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Treasury Targets Colombian Money Laundering Network Tied to the FARC

May 6th, 2010

U.S. Department of the Treasury

WASHINGTON – The U.S. Department of the Treasury’s Office of Foreign Assets Control (OFAC) today designated Colombian money launderers Maria Mercedes Jimenez Urrego and Jorge Enrique Jimenez Urrego as drug kingpins due to their significant roles in international narcotics trafficking on behalf of drug trafficking organizations, including the Fuerzas Armadas Revolucionarias de Colombia (FARC).  OFAC also today named 17 other individuals and 12 entities as Specially Designated Narcotics Traffickers (SDNTs).  Today’s action, OFAC’s 13th against the FARC and its support networks, was taken pursuant to the Foreign Narcotics Kingpin Designation Act (Kingpin Act), which prohibits U.S. persons from conducting financial or commercial transactions with these individuals and entities, and freezes any assets the designees may have under U.S. jurisdiction.

“The Jimenez Urrego money laundering organization, responsible for facilitating the movements of millions of dollars for the FARC in support of its narco-terrorist activities,” said OFAC Director Adam J. Szubin. “Today’s action is another important step in Treasury’s efforts to combat the threat posed by the FARC and expose its financial and support networks throughout the region.”

Maria Mercedes Jimenez Urrego leads a money laundering network consisting of family members and front persons that utilizes money exchange professionals or cambistas to launder drug proceeds, and was arrested by Colombian authorities in May 2008 for money laundering on behalf of the FARC, a narco-terrorist organization identified by the President as a drug kingpin pursuant to the Kingpin Act in 2003.  She is the business partner of Myriam Rincon Molina, who was designated by OFAC as an SDNT in April 2008 and arrested by Colombian authorities for money laundering on behalf of the FARC.  OFAC also designated today the Colombian cambista Negociamos MCM LTDA, which is jointly owned by Maria Mercedes Jimenez Urrego and Myriam Rincon Molina.

Jorge Enrique Jimenez Urrego, the brother of Maria Mercedes Jimenez Urrego, has been involved in drug trafficking and money laundering activities for more than two decades.  He is the head of a money laundering network that launders drug proceeds through several agricultural companies, including C.I. Stones and Byproducts Trading S.A., and a Colombian money exchange business Fimesa de Colombia S.A., which was also designated today for being owned or controlled by Jorge Enrique Jimenez Urrego through family members and front persons.  Jorge Enrique Jimenez Urrego’s organization forms a part of a larger international money laundering network that used currency exchange houses to move more than $74 million from Colombia to Chile, Peru, and the United States. In May 2008, Colombian authorities arrested him for money laundering in furtherance of drug trafficking.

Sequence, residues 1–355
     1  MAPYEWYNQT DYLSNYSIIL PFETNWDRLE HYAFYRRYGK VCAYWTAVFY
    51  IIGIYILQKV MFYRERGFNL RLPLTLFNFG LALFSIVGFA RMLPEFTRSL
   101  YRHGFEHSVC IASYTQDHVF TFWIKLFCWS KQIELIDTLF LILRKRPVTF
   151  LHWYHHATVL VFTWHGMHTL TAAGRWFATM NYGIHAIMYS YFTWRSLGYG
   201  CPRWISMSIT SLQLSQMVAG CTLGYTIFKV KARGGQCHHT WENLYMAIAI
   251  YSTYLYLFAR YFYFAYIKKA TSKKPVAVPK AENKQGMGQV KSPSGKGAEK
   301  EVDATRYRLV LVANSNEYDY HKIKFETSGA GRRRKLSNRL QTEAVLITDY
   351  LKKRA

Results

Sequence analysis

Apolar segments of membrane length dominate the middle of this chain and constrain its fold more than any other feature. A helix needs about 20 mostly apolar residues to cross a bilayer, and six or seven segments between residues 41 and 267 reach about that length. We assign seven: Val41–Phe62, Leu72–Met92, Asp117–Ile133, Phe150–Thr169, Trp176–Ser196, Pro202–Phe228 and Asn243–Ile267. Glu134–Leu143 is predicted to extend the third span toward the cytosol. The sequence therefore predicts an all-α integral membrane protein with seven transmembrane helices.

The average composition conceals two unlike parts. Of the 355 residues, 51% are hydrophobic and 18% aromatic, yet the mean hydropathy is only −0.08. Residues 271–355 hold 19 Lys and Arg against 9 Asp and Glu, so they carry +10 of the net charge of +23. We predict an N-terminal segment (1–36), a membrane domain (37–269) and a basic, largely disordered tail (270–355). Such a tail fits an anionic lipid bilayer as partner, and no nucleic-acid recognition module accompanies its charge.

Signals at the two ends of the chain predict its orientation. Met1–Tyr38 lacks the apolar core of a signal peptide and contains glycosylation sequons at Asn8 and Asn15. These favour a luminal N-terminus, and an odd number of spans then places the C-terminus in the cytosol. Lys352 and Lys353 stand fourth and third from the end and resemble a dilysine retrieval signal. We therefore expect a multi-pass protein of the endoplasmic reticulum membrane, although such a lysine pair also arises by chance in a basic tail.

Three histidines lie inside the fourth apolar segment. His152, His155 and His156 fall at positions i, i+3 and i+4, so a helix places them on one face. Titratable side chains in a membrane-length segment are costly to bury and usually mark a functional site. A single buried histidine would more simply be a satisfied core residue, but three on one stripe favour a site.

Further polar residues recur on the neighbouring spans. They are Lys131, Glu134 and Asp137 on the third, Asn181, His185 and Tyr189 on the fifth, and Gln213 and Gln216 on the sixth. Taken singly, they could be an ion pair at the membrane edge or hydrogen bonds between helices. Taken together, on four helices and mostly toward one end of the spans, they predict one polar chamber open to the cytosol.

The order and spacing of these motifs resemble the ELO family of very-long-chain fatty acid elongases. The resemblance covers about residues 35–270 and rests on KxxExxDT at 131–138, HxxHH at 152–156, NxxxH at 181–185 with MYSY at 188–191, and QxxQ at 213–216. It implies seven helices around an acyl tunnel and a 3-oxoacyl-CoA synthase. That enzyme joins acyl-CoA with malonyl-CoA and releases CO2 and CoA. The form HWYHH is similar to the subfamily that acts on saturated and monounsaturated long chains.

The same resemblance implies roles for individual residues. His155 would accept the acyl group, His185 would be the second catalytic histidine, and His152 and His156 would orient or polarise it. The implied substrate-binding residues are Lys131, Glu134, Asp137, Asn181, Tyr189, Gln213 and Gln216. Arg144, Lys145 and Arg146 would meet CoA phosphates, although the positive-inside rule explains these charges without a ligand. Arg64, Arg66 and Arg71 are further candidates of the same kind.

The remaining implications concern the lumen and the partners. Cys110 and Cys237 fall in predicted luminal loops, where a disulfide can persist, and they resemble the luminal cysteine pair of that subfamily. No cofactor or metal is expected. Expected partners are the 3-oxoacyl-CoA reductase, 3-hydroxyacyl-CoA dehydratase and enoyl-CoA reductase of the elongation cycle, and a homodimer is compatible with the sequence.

Today’s designation targets key members of the financial networks of Maria Mercedes Jimenez Urrego and Jorge Enrique Jimenez Urrego, including Blanca Virginia Jimenez Urrego, Carmen Rosa Jimenez Urrego and Carlos Agustin Urrego Escudero, who were all arrested by Colombian authorities on money laundering charges in May 2008.  Also designated today is Inversiones Granda Restrepo y Cia. S en C.S. (a.k.a. INGRANRES), a key front company for Rodrigo Granda Escobar, a top FARC International Commission leader who was designated as an SDNT in September 2006.

Today’s action is part of Treasury’s ongoing efforts pursuant to the Kingpin Act to apply financial measures against significant foreign narcotics traffickers worldwide.  Internationally, OFAC has designated more than 700 businesses and individuals associated with 82 drug kingpins since June 2000.  Penalties for violations of the Kingpin Act range from civil penalties of up to $1.075 million per violation to more severe criminal penalties.  Criminal penalties for corporate officers may include up to 30 years in prison and fines up to $5 million.  Criminal fines for corporations may reach $10 million.  Other individuals face up to 10 years in prison and fines pursuant to Title 18 of the United States Code for criminal violations of the Kingpin Act.

For a complete list of individuals and entities designated today please visit: http://www.treasury.gov/offices/enforcement/ofac/actions/index.shtml .

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REPORTS
Colombian Money Laundering Networks

Source:
U.S. Department of the Treasury
May 6, 2010
TG-691

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